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Mixed-State Wetting and Wetting Transitions on Laser Surface Engineered Polymeric Materials
D. G. Waugh, J. Lawrence, N. Langer and S. Bidault

Currently, there is a significant amount of work in the field of wettability science to try and better understand wetting transitions and subsequent developments of mixed-state wetting regimes. This is of extreme importance as this knowledge will have significant impact in those industries and academic fields which rely heavily on adhesion science. This work details the implementation of CO2 lasers to surface engineer polymeric materials, poly(methyl methacrylate) (PMMA) and polyamide 6,6 (nylon 6,6), to bring about and gain a further understanding of the wetting nature of laser surface engineered polymeric materials. With the laser, the surface roughness (Ra) was dramatically increased by up to 4.5 μm in comparison to the as-received sample (AR). It was determined for all samples that the polar component had a strong inverse relationship with the contact angle, θ. For the laser surface engineered polymers a modest increase in θ indicated a possible formation of a mixed-state wetting regime, highlighting the influence of laser-modified surface topography on θ. The polar component and surface pattern were found to be the most dominant parameters governing the wettability characteristics of the laser-surface-modified polymeric materials. The latest state-of-the-art knowledge and understanding of wetting transitions and mixed-state wetting regimes with specific regard to roughened laser surface engineered polymeric materials is discussed identifying significant wettability knowledge and theories.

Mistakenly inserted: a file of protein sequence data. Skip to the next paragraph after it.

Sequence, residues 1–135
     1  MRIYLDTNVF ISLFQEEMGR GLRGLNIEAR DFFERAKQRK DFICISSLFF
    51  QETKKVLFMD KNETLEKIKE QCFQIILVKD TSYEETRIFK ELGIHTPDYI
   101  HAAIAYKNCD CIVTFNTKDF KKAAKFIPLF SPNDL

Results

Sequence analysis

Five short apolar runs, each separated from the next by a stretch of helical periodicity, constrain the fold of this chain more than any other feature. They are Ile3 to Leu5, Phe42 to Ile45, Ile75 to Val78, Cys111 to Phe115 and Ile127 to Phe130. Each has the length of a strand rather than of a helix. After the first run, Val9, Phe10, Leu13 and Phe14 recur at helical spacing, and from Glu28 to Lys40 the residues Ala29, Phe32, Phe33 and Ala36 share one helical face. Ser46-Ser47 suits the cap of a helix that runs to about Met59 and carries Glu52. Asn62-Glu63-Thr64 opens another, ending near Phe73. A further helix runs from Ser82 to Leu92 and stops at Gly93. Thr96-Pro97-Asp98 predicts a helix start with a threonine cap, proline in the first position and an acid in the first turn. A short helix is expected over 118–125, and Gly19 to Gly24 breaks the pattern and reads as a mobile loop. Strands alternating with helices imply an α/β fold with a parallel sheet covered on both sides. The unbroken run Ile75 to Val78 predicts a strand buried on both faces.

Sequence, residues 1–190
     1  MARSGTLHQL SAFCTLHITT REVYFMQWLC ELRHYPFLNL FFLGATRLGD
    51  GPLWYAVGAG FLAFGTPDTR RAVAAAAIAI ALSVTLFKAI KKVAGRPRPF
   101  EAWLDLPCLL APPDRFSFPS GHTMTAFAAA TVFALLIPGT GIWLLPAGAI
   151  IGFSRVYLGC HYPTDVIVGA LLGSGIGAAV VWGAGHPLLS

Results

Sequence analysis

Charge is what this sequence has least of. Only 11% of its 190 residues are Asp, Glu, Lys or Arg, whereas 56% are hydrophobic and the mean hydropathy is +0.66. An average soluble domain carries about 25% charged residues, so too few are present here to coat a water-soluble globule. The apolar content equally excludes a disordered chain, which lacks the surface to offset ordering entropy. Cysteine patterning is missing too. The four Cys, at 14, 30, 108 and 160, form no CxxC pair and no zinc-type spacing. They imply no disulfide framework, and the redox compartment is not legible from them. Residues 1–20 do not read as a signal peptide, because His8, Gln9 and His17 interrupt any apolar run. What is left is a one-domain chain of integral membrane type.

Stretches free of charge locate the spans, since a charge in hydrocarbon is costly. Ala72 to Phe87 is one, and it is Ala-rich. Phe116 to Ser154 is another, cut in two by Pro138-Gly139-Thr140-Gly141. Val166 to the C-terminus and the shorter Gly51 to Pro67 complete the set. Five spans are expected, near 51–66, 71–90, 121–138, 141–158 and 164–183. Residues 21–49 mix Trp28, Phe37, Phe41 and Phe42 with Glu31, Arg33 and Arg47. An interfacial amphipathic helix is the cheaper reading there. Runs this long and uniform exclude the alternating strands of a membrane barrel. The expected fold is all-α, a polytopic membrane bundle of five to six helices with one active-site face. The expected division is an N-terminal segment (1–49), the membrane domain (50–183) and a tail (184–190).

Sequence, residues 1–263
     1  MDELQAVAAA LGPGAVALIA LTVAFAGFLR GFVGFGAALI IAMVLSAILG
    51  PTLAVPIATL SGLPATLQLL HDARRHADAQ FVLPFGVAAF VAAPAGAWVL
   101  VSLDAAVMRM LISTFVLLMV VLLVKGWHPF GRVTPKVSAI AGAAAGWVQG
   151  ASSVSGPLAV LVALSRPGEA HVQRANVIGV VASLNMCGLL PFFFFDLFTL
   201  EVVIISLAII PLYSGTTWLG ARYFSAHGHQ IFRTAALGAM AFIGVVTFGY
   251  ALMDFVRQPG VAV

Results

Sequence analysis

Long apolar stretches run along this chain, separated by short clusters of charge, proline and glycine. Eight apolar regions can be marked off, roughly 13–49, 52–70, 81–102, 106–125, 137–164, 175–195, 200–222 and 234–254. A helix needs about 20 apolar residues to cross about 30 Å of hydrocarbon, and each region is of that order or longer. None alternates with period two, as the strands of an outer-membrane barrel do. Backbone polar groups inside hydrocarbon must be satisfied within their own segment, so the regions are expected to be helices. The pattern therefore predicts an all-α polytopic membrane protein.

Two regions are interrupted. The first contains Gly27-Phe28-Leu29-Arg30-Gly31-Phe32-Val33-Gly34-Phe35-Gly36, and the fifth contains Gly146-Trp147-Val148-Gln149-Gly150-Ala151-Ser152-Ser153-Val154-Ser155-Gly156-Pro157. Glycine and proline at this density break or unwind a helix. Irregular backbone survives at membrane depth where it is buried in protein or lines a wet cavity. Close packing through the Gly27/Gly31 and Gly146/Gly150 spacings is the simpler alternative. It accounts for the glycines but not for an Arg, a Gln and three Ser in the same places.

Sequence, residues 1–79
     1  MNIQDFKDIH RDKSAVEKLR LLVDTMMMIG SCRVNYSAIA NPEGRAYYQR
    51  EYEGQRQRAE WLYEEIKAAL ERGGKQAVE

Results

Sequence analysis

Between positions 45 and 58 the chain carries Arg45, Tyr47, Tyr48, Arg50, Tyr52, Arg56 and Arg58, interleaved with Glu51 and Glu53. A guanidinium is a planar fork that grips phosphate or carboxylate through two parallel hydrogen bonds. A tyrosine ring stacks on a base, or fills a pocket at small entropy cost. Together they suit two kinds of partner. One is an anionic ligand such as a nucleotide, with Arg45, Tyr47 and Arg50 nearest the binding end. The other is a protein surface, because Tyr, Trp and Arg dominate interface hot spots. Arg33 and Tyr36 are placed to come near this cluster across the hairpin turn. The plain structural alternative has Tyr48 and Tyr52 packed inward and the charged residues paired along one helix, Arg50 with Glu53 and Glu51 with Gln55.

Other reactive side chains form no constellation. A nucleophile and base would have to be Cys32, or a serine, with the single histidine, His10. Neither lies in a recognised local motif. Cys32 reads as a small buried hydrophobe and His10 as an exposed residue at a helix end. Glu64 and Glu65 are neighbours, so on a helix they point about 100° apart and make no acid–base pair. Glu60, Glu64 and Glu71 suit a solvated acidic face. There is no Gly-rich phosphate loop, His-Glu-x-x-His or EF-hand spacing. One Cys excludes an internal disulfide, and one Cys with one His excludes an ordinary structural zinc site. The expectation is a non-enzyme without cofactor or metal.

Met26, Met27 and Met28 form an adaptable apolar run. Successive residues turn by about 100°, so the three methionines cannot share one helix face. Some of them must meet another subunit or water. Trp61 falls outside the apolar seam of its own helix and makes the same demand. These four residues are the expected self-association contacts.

Keywords: Laser surface engineering, PMMA, nylon 6,6, polymers, wetting transitions, mixed-state wetting.

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